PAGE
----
On the crystallography tab, select a cell packing range (2 x 2 x 1 was chosen in this example). The default cell packing rendering is ball-and-stick; leave that unchanged. Using the select/label tab, select the individual molecules surrounding the one that you wish to emphasise. Assign them 100% van der Waals atom radii and colour them distinctively. It may be necessary to select one of the space-filling molecules and conceal it in order to see the molecule of interest sitting in the pocket formed by its neighbours. There are several ways of hiding a molecule, some of which interfere with other items in a current selection. Perhaps the safest way is to select the molecule, then choose 'atoms off' and 'bonds off' for that molecule.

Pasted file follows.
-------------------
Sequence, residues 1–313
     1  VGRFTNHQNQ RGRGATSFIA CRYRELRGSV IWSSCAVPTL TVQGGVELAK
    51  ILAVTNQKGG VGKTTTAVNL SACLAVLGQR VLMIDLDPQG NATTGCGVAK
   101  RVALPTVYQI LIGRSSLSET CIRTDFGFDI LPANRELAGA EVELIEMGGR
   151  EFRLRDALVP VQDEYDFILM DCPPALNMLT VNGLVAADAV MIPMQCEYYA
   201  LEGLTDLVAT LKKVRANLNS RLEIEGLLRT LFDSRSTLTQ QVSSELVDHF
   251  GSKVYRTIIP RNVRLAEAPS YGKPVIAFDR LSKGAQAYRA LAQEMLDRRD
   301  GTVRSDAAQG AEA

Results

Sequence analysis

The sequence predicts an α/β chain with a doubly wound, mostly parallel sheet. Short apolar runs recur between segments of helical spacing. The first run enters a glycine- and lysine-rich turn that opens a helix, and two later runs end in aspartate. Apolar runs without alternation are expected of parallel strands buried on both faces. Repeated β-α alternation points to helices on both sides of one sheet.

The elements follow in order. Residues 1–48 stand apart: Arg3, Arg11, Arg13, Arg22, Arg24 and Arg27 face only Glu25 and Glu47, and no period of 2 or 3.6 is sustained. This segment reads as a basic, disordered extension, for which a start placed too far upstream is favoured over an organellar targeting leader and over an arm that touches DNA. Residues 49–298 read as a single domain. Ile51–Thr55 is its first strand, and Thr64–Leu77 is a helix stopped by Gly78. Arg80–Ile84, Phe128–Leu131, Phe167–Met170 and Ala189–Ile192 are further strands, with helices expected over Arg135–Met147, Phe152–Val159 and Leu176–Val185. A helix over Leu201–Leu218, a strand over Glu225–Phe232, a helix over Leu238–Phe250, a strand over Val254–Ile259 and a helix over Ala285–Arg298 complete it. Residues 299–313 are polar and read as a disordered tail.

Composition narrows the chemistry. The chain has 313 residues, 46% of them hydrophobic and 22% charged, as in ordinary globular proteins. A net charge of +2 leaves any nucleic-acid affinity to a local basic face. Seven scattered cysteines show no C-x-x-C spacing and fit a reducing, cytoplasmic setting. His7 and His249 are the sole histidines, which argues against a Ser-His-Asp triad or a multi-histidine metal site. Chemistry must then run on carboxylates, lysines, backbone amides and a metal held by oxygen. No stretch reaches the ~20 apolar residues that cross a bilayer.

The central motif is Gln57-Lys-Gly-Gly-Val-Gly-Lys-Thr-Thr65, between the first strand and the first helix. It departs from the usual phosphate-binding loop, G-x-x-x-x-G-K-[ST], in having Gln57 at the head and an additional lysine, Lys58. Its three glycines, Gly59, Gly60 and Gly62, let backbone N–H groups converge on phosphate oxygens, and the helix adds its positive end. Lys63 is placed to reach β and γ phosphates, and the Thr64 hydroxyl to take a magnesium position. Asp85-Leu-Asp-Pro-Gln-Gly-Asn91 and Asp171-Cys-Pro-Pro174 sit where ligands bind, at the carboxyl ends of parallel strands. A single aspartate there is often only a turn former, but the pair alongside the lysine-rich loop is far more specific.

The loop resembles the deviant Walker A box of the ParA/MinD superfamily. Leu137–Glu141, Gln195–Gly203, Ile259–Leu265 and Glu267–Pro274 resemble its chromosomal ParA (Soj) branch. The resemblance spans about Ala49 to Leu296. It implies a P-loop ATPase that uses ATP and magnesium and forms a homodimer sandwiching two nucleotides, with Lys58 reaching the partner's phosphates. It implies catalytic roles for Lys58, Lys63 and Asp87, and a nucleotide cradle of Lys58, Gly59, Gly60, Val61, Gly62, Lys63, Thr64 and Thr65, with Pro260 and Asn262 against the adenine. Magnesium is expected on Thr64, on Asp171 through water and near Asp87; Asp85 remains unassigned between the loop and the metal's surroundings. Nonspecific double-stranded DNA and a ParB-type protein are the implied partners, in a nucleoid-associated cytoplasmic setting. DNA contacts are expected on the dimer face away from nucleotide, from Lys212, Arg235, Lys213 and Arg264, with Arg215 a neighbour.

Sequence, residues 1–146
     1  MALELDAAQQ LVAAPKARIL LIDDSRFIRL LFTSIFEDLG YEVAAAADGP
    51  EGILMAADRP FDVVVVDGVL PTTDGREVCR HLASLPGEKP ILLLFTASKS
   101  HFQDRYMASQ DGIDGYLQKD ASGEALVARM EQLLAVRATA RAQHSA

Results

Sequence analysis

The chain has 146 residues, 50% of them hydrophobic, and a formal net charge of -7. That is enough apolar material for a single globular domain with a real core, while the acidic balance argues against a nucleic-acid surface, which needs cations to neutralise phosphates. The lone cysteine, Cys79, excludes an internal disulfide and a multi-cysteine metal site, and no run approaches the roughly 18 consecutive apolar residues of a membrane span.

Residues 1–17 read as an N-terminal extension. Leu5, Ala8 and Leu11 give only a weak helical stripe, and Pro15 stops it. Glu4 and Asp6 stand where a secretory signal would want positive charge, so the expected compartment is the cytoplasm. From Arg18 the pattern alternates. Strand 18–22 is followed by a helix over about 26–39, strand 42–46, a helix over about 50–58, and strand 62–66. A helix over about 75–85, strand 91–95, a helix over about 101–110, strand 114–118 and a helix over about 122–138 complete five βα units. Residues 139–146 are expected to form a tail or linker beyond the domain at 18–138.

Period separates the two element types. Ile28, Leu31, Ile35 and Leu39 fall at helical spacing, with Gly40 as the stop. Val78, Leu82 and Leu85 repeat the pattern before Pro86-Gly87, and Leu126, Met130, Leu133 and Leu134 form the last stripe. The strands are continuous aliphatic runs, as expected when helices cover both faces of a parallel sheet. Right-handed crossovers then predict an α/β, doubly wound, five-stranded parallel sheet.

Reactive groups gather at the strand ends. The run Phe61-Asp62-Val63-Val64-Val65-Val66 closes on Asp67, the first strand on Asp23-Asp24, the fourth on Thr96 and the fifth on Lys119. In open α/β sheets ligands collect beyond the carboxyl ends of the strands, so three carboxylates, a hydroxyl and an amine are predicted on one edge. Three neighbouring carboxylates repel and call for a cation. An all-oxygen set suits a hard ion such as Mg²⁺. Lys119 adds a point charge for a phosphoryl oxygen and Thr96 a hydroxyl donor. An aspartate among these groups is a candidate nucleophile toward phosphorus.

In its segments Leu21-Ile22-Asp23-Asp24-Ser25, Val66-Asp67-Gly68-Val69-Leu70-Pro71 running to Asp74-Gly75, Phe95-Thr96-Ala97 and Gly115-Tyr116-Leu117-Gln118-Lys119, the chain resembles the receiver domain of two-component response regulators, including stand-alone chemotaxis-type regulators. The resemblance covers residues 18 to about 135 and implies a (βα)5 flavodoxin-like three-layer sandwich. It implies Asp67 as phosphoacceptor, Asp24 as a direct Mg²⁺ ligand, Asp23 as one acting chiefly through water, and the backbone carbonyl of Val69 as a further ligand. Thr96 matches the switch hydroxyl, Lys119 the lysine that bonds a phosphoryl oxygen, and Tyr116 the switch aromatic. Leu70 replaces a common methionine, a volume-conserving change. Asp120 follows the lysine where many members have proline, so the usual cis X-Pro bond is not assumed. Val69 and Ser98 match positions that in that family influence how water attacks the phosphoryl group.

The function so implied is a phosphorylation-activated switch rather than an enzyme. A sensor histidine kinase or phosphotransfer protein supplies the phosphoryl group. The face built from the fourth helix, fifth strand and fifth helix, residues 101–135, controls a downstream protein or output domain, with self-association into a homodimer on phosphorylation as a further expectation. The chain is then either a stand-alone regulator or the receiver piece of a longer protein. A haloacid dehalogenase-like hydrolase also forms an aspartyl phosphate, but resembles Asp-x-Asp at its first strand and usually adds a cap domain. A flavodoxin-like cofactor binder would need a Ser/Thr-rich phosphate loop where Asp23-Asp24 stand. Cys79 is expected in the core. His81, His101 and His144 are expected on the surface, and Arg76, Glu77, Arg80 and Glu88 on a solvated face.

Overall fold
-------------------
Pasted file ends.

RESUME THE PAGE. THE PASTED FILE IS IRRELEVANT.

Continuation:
Finally, deselect everything and then select the central molecule. Using the ellipsoid tab, render 60% probability ellipsoids and colour the molecule by displacement modulus.

When you are happy with the result, save the current view into a button script (see Fig. 13) and enter a suitable caption. Now save the new view using the secondary save button ('Save updates to scripts only').

The result not only illustrates how an individual molecule is free to rotate and stretch within the steric constraints of its neighbours, but allows the reader to zoom out and appreciate how the molecules sit in relation to the large-scale order of the crystal symmetry.

[Example 3]
Example 3
Click on the thumbnail to launch the enhanced figure in a separate window.